Jack Saturday

Friday, May 31, 2013

Midget and Giant

Dr. Cornel West
22 sec

Griffin, How The Banks Got Wealthy, West, Banks Now

4 min 18 sec
G. Edward Griffin
History... Interview with G. Edward Griffin

Dr. Cornel West
29 sec

Thursday, May 30, 2013

From Outside the Orthodocs

2 min 13 sec from the movie "Sister Kenny", true story, 1946

Tuesday, May 28, 2013

I Want To Hear You Say

Les Barker

Monday, May 27, 2013

Anti Wage-Slavery Pro-Freedom Quotations Of The Week 987-989

On research it is still worthwhile returning to the Jewkes 60's book THE SOURCES OF INVENTION, funded by the 20th Century Fund. Project scope was to analyze the 50 most important inventions of the 20th century in order to reform the patent system. Of these inventions only 1, the Pilkington floating glass process, was the result of a company using persons trained in the business working on a defined objective.

There arguably was another when a British textile firm aimed to produce permanent press textiles, but this was undercut by the strict requirement imposed by the firm that no one with previous experience in textiles be allowed to work on the project.

Remaining 48 were all invented by persons outside industry, often in garages, such as the lawyer developing copying machines.
 washingtonville, new york
comment on
Questioning the Mission of College
Published: April 20, 2013
New York Times
[emphasis JS]

A troubling problem that refuses to go away: what to do with our growing “surplus-population” (to paraphrase Scrooge by way of Malthus)? That is to say: in our 21st century post-industrial economy, tens of millions of people—i.e., human beings, right?—now have little or no “market-value.” Two factors are primarily responsible: hi-tech automation and offshoring (capital flight, “race to the bottom”). Their job-skills—such as they were—are now overpriced, redundant, outmoded, superannuated. They can neither be exploited as productive (but underpaid) workers nor as affluent (well-paid) consumers. They are idle, discontented, restless—and are liable to sudden spasms of rage and social unrest.

What to do? We’re talking of, say, up to 20% of the people living in the U.S. Within the ideological prism of late-capitalism—in which individual “worth” is reduced entirely to “market-value”—they’re “worthless.” (Remember: “there is no [civil] society”– Margaret Thatcher.) You can’t just… kill them—although that would be the easiest, most-efficient and cost-effective way of disposing of the problem. The elite 1% (or should we say, one-tenth of 1%) may still enjoy limited-liability for the crimes and reckless actions of the thousands of profit-squeezing machines they rely on, which we call Corporations. Still: there remains a residual, normative/legal constraint against premeditated murder. (The unmentionable if glaring exception: bombing and burning thousands of innocent people in places like Iraq and Afghanistan.)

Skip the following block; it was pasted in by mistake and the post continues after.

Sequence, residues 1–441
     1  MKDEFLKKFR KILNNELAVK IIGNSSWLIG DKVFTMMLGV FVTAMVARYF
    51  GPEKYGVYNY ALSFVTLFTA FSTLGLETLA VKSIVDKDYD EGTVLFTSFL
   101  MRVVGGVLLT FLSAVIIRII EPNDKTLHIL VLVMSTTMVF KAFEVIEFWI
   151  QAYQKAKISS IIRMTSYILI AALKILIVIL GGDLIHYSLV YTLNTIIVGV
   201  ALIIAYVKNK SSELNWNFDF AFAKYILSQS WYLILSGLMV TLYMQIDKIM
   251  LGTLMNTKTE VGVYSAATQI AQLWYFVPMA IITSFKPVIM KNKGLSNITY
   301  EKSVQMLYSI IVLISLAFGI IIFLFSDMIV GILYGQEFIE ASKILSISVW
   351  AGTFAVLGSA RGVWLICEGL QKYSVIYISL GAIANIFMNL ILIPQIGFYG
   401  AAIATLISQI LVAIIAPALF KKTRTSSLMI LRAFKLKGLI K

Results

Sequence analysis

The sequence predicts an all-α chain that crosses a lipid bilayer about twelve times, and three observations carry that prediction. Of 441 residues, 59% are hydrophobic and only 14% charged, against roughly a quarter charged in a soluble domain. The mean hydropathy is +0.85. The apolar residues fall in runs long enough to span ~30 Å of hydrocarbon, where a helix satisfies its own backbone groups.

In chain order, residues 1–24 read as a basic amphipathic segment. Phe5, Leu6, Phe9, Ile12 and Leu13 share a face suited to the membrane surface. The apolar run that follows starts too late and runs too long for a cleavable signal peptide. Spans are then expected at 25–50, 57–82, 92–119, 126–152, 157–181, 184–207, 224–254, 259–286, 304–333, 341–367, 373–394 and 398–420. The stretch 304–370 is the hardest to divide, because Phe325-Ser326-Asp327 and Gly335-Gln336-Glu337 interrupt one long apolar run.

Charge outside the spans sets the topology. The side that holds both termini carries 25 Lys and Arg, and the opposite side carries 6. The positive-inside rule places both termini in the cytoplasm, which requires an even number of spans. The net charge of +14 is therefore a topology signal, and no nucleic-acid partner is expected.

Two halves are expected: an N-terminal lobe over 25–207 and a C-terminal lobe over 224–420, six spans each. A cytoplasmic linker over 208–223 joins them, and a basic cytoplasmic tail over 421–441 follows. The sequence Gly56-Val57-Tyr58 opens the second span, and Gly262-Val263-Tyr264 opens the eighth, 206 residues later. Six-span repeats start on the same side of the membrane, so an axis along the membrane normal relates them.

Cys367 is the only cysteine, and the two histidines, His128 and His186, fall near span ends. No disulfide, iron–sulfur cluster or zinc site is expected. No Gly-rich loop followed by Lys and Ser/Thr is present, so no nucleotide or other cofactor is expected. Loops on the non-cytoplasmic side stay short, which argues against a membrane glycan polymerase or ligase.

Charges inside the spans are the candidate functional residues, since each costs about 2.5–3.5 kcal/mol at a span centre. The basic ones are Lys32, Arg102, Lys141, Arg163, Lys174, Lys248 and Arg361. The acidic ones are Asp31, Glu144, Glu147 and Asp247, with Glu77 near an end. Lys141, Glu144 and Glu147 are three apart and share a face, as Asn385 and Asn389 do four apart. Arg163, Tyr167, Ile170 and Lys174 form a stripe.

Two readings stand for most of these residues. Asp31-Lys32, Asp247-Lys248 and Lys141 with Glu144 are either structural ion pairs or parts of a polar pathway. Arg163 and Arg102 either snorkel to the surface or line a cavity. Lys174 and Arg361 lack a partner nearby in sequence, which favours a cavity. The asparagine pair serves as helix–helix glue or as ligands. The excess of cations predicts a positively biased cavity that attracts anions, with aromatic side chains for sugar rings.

So, I ask once again: what to do?
Obsolete People: A Disposable Problem?
by William Manson
Dissident Voice
December 29th, 2012
[emphasis and link JS]

Dr. Kornrich and Dr. Furstenberg warn that social mobility is in jeopardy. “In the race to the top, higher-income children are at an ever greater advantage because their parents can and do spend more on child care, preschool, and the growing costs of postsecondary education,” they write.
Suniya S. Luthar, professor of psychology and education at Columbia University’s Teachers College. Dr. Luthar stumbled upon the subject of troubled rich kids. “I was looking for a comparison group for the inner-city kids,” Dr. Luthar told me. “And we happened to find that substance use, depression and anxiety, particularly among the girls, were much higher than among inner-city kids.”

That accidental discovery set Dr. Luthar on a research path that has prompted her to conclude that the children of privilege are an “at-risk” group. “What we are finding again and again, in upper-middle-class school districts, is the proportion who are struggling are significantly higher than in normative samples,” she said. “Upper-middle-class kids are an at-risk group.”
Money Cuts Both Ways in Education
New York Times
Published: May 9, 2013 
[emphasis JS]

Monday, May 20, 2013

Anti Wage-Slavery Pro-Freedom Quotations Of The Week 984-986

And while the American economy has come back more robustly than some of its global rivals in terms of overall production, the recovery has been strangely light on new jobs, even after Friday’s better-than-expected unemployment report. American companies are doing more with less.
Employers are particularly reluctant to add new workers — and have been for much of the last 12 years.
The Idled Young Americans
                                                                                     New York Times
                                                                                     Published: May 3, 2013 
[emphasis JS]

 I think the person who takes a job in order to live - that is to say, for the money - has turned himself into a slave.
Joseph Campbell

 "When we do nothing for men and boys, we do nothing for women". My god! You mean... we're human? Valuable? We're not living pieces of shit for being born males? Maybe, just maybe there's something OK about us? We are more than violent, brutish, cro-magnon, patriarchal raping machines? We get to actually have feelings and not be perfect and super-heroes and be OK, and worthwhile and desirable? Fuck I wish I'd heard that early on in life.